6. The Chicago International Film Festival’s 11th annual CineYouth Festival is now accepting short films (10 minutes or less) from filmmakers 21 years old and younger from around the world. Held in Chicago May 7-9, 2015, CineYouth strives to encourage the talent of young artists and to provide them with opportunities to tell their stories, network with their peers and be recognized for their creativity. Entries must be postmarked by March 23, 2015 to be considered. Award winning films are shown at the Chicago International Film Festival and winning filmmakers are awarded cash prizes! For details and guidelines, visit: http://www.chicagofilmfestival.com/year-round/cineyouth/entries/ Submit! We look forward to watching your films!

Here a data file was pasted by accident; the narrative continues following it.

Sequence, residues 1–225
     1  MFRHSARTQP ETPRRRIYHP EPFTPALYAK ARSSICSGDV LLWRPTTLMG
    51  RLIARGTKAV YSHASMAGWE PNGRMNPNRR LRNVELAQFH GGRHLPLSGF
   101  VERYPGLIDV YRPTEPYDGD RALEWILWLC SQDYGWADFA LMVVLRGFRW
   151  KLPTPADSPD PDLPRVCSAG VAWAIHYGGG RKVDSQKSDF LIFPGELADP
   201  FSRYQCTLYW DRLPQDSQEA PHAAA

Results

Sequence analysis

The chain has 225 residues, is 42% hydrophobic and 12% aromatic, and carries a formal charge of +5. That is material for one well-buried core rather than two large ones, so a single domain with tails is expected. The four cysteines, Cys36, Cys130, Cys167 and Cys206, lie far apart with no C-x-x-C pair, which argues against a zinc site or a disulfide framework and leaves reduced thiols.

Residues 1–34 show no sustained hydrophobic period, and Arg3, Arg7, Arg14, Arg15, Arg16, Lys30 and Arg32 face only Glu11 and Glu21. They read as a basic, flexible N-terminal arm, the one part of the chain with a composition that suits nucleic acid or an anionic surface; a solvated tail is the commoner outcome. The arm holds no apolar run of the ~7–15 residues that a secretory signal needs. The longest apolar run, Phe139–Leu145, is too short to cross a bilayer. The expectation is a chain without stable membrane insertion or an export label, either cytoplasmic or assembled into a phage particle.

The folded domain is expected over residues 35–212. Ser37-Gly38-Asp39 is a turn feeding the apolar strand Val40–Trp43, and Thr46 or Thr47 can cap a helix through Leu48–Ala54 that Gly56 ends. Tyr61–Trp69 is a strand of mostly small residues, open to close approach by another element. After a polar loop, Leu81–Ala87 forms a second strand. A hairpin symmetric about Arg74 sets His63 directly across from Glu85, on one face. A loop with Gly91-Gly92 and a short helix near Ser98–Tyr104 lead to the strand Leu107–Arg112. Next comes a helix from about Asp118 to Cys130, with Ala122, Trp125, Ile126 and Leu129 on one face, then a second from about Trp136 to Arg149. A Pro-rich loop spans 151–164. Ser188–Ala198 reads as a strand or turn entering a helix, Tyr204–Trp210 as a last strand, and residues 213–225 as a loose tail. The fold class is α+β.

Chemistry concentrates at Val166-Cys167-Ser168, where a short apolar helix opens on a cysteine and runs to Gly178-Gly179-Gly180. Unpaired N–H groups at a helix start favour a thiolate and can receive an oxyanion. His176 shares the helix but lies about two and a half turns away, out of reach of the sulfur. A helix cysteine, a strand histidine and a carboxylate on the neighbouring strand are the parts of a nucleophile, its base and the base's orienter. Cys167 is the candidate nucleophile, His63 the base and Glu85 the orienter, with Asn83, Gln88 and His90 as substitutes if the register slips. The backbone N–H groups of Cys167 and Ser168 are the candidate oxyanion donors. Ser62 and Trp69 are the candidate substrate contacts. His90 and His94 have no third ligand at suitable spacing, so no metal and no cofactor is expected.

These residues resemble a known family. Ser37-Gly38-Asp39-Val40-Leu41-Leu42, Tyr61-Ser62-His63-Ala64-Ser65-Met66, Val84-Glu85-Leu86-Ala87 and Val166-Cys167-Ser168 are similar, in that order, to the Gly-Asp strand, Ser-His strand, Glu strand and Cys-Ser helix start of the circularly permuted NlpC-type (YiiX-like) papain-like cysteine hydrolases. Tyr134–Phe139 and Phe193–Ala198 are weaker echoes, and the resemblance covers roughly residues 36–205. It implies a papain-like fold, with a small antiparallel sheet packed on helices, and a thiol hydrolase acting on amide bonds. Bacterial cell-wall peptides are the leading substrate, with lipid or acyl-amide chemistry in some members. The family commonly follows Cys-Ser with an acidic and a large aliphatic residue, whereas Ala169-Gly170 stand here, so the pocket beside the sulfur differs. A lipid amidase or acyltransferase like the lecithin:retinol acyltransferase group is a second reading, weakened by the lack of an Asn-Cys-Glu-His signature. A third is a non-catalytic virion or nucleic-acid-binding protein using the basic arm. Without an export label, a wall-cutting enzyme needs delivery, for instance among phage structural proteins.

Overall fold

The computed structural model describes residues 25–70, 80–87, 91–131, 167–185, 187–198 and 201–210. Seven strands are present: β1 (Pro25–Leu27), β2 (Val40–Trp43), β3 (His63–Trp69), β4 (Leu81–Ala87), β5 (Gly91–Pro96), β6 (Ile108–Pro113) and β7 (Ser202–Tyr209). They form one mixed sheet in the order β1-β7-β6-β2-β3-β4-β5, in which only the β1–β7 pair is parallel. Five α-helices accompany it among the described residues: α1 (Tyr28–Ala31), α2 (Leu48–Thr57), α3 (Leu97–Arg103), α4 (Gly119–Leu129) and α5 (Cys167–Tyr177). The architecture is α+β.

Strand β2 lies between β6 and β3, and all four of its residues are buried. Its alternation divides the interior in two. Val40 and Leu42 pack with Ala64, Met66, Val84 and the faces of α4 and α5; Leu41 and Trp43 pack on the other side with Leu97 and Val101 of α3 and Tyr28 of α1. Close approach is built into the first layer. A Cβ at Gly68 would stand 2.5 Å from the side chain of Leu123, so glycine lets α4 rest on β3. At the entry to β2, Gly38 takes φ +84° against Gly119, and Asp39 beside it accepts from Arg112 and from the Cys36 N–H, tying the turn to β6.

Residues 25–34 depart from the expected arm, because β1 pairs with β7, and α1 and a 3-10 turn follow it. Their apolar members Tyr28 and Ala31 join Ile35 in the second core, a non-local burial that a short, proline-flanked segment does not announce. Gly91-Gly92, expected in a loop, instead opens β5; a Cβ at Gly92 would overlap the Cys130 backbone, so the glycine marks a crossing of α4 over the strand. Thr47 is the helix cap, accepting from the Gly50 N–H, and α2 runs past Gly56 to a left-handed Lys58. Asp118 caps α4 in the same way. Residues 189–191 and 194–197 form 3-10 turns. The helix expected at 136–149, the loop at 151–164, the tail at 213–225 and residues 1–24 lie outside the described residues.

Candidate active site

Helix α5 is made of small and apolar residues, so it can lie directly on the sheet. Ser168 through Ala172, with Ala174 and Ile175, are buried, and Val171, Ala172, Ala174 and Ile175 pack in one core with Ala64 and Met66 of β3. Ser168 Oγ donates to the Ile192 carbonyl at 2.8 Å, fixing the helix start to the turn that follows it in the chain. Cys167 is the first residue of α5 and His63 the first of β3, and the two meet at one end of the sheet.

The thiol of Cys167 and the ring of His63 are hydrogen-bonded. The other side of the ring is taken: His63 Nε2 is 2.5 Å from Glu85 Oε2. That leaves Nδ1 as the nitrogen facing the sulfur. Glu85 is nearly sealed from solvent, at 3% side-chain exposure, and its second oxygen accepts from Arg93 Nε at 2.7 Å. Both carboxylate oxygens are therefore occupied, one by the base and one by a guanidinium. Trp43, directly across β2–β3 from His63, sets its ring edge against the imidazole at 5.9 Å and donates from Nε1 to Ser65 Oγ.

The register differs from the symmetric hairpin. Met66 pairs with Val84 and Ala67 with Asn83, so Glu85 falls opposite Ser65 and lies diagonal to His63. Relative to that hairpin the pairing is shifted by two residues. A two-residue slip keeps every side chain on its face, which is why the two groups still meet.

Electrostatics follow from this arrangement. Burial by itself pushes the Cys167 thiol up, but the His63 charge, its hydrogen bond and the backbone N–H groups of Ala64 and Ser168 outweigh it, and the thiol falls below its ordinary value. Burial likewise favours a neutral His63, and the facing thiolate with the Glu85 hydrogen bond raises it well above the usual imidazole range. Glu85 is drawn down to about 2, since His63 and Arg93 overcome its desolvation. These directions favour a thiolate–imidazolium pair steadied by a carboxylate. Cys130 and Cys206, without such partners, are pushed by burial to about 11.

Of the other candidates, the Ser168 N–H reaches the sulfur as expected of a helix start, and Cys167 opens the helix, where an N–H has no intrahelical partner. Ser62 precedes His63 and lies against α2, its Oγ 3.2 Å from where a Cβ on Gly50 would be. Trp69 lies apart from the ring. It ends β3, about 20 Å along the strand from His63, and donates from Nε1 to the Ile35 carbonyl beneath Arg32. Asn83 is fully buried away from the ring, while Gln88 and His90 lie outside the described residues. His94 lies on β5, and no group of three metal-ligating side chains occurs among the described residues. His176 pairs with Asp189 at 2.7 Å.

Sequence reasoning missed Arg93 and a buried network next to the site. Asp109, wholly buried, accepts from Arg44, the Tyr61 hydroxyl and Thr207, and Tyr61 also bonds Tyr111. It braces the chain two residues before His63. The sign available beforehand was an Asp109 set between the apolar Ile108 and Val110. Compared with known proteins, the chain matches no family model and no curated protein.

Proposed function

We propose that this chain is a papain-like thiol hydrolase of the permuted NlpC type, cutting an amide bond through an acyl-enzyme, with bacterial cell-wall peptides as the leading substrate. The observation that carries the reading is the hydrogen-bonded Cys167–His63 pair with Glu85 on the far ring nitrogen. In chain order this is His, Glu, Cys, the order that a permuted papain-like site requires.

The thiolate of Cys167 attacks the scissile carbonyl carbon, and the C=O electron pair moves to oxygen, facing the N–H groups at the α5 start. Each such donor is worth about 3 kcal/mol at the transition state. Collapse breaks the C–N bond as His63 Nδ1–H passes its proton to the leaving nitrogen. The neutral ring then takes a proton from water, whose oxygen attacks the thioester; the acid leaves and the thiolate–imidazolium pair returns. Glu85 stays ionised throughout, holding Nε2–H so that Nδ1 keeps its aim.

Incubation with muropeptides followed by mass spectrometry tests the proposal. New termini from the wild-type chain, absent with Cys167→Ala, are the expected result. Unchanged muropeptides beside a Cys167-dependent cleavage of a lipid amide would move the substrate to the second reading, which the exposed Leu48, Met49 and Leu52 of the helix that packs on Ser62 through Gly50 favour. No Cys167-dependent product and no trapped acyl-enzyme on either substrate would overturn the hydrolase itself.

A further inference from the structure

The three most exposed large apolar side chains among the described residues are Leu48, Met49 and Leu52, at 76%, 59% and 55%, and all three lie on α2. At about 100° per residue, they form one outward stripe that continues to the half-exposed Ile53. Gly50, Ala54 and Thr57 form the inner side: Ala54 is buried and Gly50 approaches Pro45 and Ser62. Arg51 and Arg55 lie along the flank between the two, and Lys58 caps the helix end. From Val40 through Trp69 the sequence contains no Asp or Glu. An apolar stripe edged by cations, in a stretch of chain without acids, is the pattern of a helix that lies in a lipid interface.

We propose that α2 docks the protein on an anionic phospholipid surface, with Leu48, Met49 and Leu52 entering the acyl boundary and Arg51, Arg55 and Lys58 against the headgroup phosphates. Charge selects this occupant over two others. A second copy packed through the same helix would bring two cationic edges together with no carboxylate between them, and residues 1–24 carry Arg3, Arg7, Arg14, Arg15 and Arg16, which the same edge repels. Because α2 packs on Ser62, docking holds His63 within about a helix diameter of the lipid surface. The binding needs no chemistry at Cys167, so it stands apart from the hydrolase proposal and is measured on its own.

7. LOS ANGELES - Kodak and the University Film and Video Foundation (UFVF) have announced the recipients of the 2014 KODAK Student Scholarship Awards and KODAK Student Cinematography Scholarship Awards. The presentation was made Saturday night during the annual banquet and awards ceremony at the University Film and Video Association (UFVA) Conference, which was held last week at Montana State University. Kodak's annual global competition is designed to recognize emerging talent that demonstrates superior filmmaking skills and creativity. Selected by a panel of judges led by award-winning cinematographer John Bailey, ASC, this year's winners represent film schools in Hungary, Russia, Singapore, and the United States. The KODAK Student Scholarship Program Award winners are: Gold Award ($5,000 tuition scholarship award and $5,000 KODAK Motion Picture product grant) - Timothy Yeung from New York University's (NYU) Tisch School of the Arts Asia in Singapore for his film 90 Days. Yeung wrote, directed and produced the drama. Silver Award ($4,000 tuition scholarship award and $4,000 KODAK Motion Picture product grant) - Dustin Brown from Santa Monica College in California for Solidarity. Brown was writer, director, producer and editor of his narrative. Bronze Award ($3,000 tuition scholarship award and $3,000 KODAK Motion Picture product grant) - Anton Moiseenko from the Russian State University of Cinematography (VGIK) in Russia for his piece Experience of the Celestial Bodies. Moiseenko wrote and directed the documentary. The KODAK Student Cinematography Scholarship Award winners are: First Place ($4,000 tuition scholarship award and $5,000 KODAK Motion Picture product grant) - Balaji Manohar, also from Tisch Asia, for his cinematography on Little Master. Honorable Mention ($1,000 tuition scholarship award and $3,000 KODAK Motion Picture product grant) - Balász István Balász from the University of Theatre and Film Arts in Hungary for his visuals on House. Kodak partners with the University Film and Video Foundation to make this program possible. The UFVF is a not-for-profit organization that engages in and promotes worldwide education, research, innovation, and charitable activities in the arts and sciences of moving images and aural communication. Accredited film schools around the world nominated up to two students for consideration for the KODAK Student Scholarship, and one cinematography student for the KODAK Student Cinematography Scholarship. The cinematography student nominee could also be nominated for the KODAK Student Scholarship Award. They were judged on a combination of past work, faculty recommendations, and academic achievement. Judging took place in July. In addition to Bailey, the entries were judged by Melinda Levin, a professor at the University of North Texas and president of the UFVF, and Kodak's Lorette Bayle, who is also an award-winning filmmaker. Kodak introduced its worldwide film school program in 1991. Through the years, the program has grown to include a wide range of initiatives to help both students and educators enrich the development of their skills in the art and craft of filmmaking. For more information, visit www.kodak.com/go/education.